Russian policymakers frequently blame the country's 1990s democratization for all its current woes. They point to the "healthy" authoritarianism in China as the reason for its economic miracle.
Yet, as Bulgarian political scientist Ivan Krastev argues on Opendemocracy.net, "in many of its practices, China is more democratic than Russia, and its decision-making is undoubtedly superior."
Russia has popular elections but no change of power. The role of elections, Krastev points out, is to avoid a peaceful rotation of rulers and legitimize a lack of change. China, without democratic elections, has ensured a regular rotation of power for three decades. The president and the prime minister are automatically replaced every 10 years by new leaders. The old team retires from public life.
The Chinese system prevents the emergence of personalized authoritarianism and establishes clear succession rules. Russia's system is a personalized regime that seeks to block real succession of power.
China tolerates major labor unrest, with thousands of strikes unfolding every year that help the government identify and deal with serious problems on the regional level and thrust future leaders in crises that test their mettle. Russian leaders clamp down on discontent and hide their incompetency through sham elections.
While the Kremlin broadly tolerates the opposition, Krastev argues, it does not listen to it. Dissent on policy matters within the government is suppressed. The Chinese leadership sees having different views as legitimate. "The loyalty test in China starts only once the Communist Party has taken a decision. The loyalty test in Russia starts as soon as the president makes a proposal," he says.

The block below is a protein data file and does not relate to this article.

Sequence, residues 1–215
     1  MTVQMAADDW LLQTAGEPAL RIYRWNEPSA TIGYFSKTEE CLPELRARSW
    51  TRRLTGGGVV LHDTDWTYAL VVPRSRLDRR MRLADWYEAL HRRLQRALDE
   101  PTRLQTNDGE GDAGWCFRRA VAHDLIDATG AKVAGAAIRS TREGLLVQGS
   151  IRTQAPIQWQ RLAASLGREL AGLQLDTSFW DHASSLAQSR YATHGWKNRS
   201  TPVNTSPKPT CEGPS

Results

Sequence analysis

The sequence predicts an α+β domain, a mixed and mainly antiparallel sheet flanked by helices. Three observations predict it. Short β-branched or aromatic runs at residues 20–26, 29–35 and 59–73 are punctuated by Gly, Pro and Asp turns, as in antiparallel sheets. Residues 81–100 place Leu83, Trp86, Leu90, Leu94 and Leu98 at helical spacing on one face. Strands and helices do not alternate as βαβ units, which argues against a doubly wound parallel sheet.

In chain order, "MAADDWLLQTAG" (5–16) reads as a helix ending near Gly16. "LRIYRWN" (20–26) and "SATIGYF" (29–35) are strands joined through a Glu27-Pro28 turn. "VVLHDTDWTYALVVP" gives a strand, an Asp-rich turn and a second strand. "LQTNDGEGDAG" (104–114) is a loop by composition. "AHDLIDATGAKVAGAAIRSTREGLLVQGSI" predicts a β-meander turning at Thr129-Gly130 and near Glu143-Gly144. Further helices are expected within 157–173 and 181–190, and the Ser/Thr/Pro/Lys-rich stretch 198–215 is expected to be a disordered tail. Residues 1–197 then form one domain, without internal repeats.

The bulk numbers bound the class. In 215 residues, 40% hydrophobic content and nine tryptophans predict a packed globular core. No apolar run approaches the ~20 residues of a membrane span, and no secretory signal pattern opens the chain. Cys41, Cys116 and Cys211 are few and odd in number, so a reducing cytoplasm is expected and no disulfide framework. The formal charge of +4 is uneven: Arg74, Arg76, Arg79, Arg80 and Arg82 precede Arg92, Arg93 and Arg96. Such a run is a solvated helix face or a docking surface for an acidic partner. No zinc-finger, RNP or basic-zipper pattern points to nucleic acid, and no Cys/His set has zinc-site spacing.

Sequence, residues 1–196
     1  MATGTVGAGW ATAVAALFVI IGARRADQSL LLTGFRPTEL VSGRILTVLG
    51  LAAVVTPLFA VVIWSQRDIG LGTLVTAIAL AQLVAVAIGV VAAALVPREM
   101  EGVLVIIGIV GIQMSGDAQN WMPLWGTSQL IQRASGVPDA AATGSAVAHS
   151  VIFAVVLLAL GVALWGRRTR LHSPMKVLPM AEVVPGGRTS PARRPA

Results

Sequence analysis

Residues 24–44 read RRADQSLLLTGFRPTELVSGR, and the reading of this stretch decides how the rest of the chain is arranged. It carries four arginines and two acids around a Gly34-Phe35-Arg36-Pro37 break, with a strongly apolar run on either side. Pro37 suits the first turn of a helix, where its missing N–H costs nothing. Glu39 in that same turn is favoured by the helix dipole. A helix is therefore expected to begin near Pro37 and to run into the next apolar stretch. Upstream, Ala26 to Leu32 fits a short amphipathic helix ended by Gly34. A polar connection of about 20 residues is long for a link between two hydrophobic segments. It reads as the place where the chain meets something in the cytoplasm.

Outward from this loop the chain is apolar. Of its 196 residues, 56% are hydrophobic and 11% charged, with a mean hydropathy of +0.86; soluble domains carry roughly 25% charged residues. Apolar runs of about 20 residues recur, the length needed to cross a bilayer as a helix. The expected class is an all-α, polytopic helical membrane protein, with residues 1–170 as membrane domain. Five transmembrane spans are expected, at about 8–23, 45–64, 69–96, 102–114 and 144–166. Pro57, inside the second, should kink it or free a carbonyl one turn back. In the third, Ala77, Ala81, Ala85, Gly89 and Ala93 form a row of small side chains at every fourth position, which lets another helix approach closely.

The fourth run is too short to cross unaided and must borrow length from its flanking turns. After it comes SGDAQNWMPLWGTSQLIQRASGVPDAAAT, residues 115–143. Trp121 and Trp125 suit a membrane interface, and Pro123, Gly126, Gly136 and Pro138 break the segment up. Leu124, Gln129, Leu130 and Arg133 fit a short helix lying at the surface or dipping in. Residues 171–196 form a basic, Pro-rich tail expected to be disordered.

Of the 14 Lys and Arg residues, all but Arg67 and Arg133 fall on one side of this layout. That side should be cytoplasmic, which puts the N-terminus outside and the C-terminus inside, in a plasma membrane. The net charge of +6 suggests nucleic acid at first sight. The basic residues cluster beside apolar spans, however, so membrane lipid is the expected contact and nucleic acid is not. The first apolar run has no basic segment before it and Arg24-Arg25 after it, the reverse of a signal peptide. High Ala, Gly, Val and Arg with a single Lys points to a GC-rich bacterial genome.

Russia is governed by a circle of friends. The most important factor influencing membership is to have known Putin before he became president. Few of these policymakers had proper careers of their own. China, meanwhile, is ruled by a meritocracy. The party recruits the best and the brightest and invests a lot into ensuring the diversity of experience and regional representation.
China and Russia differ fundamentally in their approach to political experimentation. China's leaders love to experiment with political and economic reforms to see what works best. Russian leaders shun experimentation for the sake of stability.
What matters here is the trajectory. While Russia is faking democracy to cover up an emerging dictatorship, China's authoritarianism is evolving into a more pluralistic system.